relation between continuous coffee intake and plasma concentrations of endothelial markers. Regression coefficients were
expressed as percentage differences in dependent variables for a
specified difference in coffee consumption (1 cup/d). In addition,
we performed sensitivity analyses by further adjusting the models for nutrients and foods that had previously been associated
with endothelial function or diabetes risk (trans fatty acids, total
n3 fatty acids, cereal fiber, glycemic load, magnesium, dairy
products, processed meat, nuts, and fruit and vegetables). We
also examined whether plasma lipids (total cholesterol and triacylglycerols) might modify the associations. Finally, we repeated the analyses excluding the participants who reported high
blood pressure or hypercholesterolemia, because they could have
modified their dietary intake when the disease was diagnosed.

RESULTS

Among 730 healthy women, 77% consumed at least 1 cup of


caffeinated coffee per month and 75% women consumed at least
1 cup/mo of decaffeinated coffee. The corresponding percentages for the 663 diabetic women were 74% for caffeinated coffee
and 63% for decaffeinated coffee. There were no significant
differences among the groups.
In Table 1, we show the characteristics of both populations
stratified by the categories of total coffee consumption. Women
in the higher categories tended to smoke more cigarettes and

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Blood was collected between 1989 and 1990. Women willing


to provide blood specimens were sent instructions and a phlebotomy kit. Blood specimens were returned by overnight mail on
ice, centrifuged (1200 g, 15 min) on arrival to separate plasma
from buffy coat and red cells, and frozen in liquid nitrogen until
analyzed. Ninety-seven percent of the samples arrived within
26 h of phlebotomy. Quality-control samples were routinely
frozen along with study samples to monitor changes due to longterm storage and assay variability. All markers were measured in
the Clinical Chemistry Laboratory at Childrens Hospital in Boston. Concentrations of soluble intercellular adhesion molecule 1
(sICAM-1), E-selectin, and soluble tumor necrosis factor receptor 2 (sTNF-R2) were measured by commercial enzymelinked immunosorbent assay (R&D Systems, Minneapolis,
MN). High-sensitivity C-reactive protein (CRP) concentrations
were measured by latex-enhanced turbidimetric assay on a Hitachi 911 (Denka Seiken, Tokyo, Japan). In the subcohort of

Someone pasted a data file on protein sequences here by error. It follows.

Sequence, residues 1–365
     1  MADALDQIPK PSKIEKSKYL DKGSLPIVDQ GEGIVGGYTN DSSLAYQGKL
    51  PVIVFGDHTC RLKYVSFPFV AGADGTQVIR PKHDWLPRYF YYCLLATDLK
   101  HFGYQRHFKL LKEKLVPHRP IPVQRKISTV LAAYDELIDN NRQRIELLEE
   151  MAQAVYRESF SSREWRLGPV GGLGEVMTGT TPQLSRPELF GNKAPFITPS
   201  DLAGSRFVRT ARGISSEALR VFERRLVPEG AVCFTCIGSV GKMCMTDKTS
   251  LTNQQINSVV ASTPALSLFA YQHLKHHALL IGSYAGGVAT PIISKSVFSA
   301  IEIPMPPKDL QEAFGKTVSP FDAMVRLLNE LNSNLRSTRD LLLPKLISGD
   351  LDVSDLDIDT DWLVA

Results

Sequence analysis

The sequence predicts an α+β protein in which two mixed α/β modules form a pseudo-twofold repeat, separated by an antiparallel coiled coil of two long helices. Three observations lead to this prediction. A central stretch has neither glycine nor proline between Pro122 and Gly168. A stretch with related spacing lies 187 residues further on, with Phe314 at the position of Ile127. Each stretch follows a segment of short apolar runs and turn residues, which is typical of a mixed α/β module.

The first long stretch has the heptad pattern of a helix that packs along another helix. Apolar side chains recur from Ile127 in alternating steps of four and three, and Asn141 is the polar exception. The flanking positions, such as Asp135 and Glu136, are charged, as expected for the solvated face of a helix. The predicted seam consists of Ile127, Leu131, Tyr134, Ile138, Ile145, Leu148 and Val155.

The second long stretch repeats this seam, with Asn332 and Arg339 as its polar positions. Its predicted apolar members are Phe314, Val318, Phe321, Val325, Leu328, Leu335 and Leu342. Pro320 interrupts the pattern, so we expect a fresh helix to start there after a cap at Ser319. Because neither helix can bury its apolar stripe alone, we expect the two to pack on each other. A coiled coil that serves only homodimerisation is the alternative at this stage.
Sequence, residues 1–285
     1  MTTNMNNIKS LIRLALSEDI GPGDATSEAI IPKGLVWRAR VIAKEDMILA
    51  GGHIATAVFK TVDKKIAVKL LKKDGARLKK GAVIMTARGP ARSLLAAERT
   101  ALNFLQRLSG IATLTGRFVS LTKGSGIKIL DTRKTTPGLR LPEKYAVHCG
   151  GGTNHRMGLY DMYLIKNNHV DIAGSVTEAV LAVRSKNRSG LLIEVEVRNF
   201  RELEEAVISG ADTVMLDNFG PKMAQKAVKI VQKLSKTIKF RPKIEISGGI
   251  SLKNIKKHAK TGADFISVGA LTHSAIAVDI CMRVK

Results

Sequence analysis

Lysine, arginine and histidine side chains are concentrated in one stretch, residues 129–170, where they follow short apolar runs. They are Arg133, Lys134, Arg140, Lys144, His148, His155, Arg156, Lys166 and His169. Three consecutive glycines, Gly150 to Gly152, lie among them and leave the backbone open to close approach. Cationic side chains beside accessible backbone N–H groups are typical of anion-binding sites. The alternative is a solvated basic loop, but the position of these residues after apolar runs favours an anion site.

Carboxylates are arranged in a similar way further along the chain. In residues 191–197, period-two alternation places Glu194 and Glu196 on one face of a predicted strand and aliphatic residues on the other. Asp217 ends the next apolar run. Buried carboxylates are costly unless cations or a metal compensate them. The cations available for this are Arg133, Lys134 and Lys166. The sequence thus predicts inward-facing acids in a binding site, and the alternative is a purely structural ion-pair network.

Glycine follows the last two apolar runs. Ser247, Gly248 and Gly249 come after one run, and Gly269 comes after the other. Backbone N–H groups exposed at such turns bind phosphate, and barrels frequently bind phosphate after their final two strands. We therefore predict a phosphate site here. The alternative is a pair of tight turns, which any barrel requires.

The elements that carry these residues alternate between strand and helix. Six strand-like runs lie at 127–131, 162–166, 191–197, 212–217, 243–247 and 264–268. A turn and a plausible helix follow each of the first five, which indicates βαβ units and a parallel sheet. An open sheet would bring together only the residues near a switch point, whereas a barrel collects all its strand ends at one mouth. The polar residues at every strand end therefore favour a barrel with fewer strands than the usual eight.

healthy women, the interassay CVs for each biomarker were as
follows: sICAM-1, 6.110.1%; E-selectin, 6.4 6.6%; CRP,
3.4 3.8%; and sTNFR-2, 3.6 5.1%. In the diabetic subcohort,
the interassay CVs were as follows: sICAM-1, 3.3 4.8%;
E-selectin, 5.7 8.8%; CRP, 2.8 5.1%; and sTNF-R2:
2.6 4.8%. Processing times did not substantially affect the concentrations of the markers (15).

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LOPEZ-GARCIA ET AL

TABLE 1
Characteristics of the population in 1990 by categories of total coffee consumption (average between consumption in 1986 and 1990)1
Healthy women

1 cup/mo
(n 60)

1 cup/mo to
4 cups/wk
(n 80)

57 cups/
wk
(n 211)

2 cups/d
(n 379)

P for
trend

1 cup/mo
(n 71)

1 cup/mo to
4 cups/wk
(n 106)

57 cups/
wk
(n 331)

2 cups/d
(n 155)

P for
trend

56 0.92
12
26.7 0.8
14.9 2.2
8
17
23
37
4.7 1.1
84 12
285 9
2.6 0.1
0.63 0.02
5.0 0.3
105 1.9
1.2 0.2
4.6 0.4
2.1 0.2
0.11 0.02
0.31 0.04
5.6 0.4

55 0.8
4
26.1 0.6
16.8 2.3
19
28
30
40
4.3 0.9
85 9
299 9
2.4 0.1
0.68 0.01
5.0 0.3
106 2.3
1.2 0.2
2.7 0.2
1.9 0.2
0.13 0.02
0.36 0.04
6.2 0.3

57 0.5
9
26.8 0.5
14.4 1.3
25
34
27
42
4.4 0.5
171 7
298 5
2.6 0.06
0.67 0.7
4.9 0.2
104 1.1
0.6 0.05
3.4 0.1
2.0 0.1
0.13 0.01
0.34 0.02
6.2 0.2

56 0.4
16
26.1 0.3
16.3 1.8
17
30
30
46
6.8 0.6
356 10
315 3
2.5 0.04
0.70 0.01
5.0 0.1
99 0.9
0.5 0.04
3.4 0.1
2.2 0.1
0.11 0.01
0.35 0.02
5.9 0.1

0.18
0.98
0.70
0.57
0.005
0.01
0.01
0.45
0.84
0.001
0.34
0.57
0.26
0.70
0.58
0.001
0.08
0.91
0.49
0.82
0.21

57 0.8
8
32.5 0.8
13.8 2.3
45
37
20
44
1.5 0.7
83 11
284 8
1.5 0.1
0.68 0.01
5.1 0.4
107 2.3
0.9 0.1
1.3 0.2
2.0 0.2
0.23 0.06
0.31 0.08
5.2 0.6

59 0.7
3
30.8 0.5
13.8 1.6
47
41
33
41
2.8 1.2
98 12
302 8
1.5 0.06
0.67 0.02
5.2 0.3
106 1.9
0.8 0.1
0.7 0.1
2.6 0.3
0.10 0.02
0.31 0.05
4.8 0.3

59 0.4
12
30.4 0.3
12.6 0.8
45
43
22
48
2.9 0.4
211 8
309 4
1.5 0.03
0.68 0.01
5.0 0.2
103 1.0
0.5 0.04
0.9 0.1
2.9 0.2
0.11 0.01
0.33 0.03
5.2 0.2

59 0.5
24
29.5 0.5
12.2 1.2
45
37
21
45
3.7 0.6
377 22
322 6
1.6 0.05
0.67 0.01
4.9 0.2
100 1.3
0.6 0.07
0.7 0.08
3.5 0.4
0.21 0.05
0.60 0.09
7.0 0.7

0.09